NASA: Issues Surrounding the Transition from the Space Shuttle to the Next Generation of Human Space Flight Systems: GAO-07-595T

Li, Allen
March 2007
GAO Reports;3/29/2007, p1
Government Documents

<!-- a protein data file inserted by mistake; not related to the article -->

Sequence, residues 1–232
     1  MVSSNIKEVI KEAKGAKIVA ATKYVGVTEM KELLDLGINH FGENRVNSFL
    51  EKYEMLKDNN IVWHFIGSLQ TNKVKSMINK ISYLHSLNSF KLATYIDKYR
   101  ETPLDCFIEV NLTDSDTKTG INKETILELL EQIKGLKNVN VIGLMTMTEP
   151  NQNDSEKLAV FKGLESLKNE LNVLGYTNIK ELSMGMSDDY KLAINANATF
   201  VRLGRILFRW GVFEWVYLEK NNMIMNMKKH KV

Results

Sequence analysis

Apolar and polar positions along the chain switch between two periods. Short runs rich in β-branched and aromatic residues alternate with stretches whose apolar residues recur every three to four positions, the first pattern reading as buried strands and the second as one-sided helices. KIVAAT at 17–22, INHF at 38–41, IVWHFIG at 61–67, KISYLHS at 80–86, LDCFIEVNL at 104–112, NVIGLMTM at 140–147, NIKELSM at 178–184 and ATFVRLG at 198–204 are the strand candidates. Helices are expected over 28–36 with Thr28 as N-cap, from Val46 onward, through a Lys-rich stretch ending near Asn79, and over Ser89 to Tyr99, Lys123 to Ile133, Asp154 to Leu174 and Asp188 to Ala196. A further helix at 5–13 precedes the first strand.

On January 14, 2004, the President announced a new Vision for space exploration that directs the National Aeronautics and Space Administration (NASA) to focus its efforts on returning humans to the moon by 2020 in preparation for future, more ambitions missions. Implementing the Vision will require hundreds of billions of dollars and a sustained commitment from multiple administrations and Congresses. Some of the funding for implementing exploration activities is expected to come from funding freed up after the retirement of the Space Shuttle, scheduled for 2010, and projected termination of U.S. participation in the International Space Station by 2016. Congress, while supportive of the effort has voiced concern over the potential gap in human space flight. In the NASA Authorization Act of 2005, Congress stated that it is the policy of the United States to have the capability for human access to space on a continuous basis. NASA has made it a priority to minimize the gap to the extent possible. GAO provides no recommendations in this statement. However, GAO continues to emphasize that given the Nation's fiscal challenges and NASA's past difficulty developing systems within cost, schedule, and performance parameters, it is imperative that the agency adequately manage this transition in a fiscally competent and prudent manner. NASA is in the midst of a transition effort of a magnitude not seen since the end of the Apollo program and the start of the Space Shuttle Program more than 3 decades ago. This transition will include a massive transfer of people, hardware, and infrastructure. Based on ongoing and work completed to-date, we have identified a number of issues that pose unique challenges to NASA as it transitions from the shuttle to the next generation of human space flight systems while at the same time seeking to minimize the time the United States will be without its own means to put humans in space. These issues include: sustaining a viable workforce; effectively managing systems development efforts; managing the supplier base; providing logistical support to the International Space Station; identifying and disposing of property and equipment; ensuring adequate environmental remediation; and transforming its business processes and financial management system. NASA already has in place many processes, policies, procedures and support systems to carry out this transition. However, successful implementation of the transition will depend on thoughtful execution and effective oversight. How well NASA overcomes some of the challenges we have identified will not only have an effect on NASA's ability to effectively manage the gap in the U.S. human access to space, but will also affect the agency's ability to secure a sound foundation for the President's space exploration policy.


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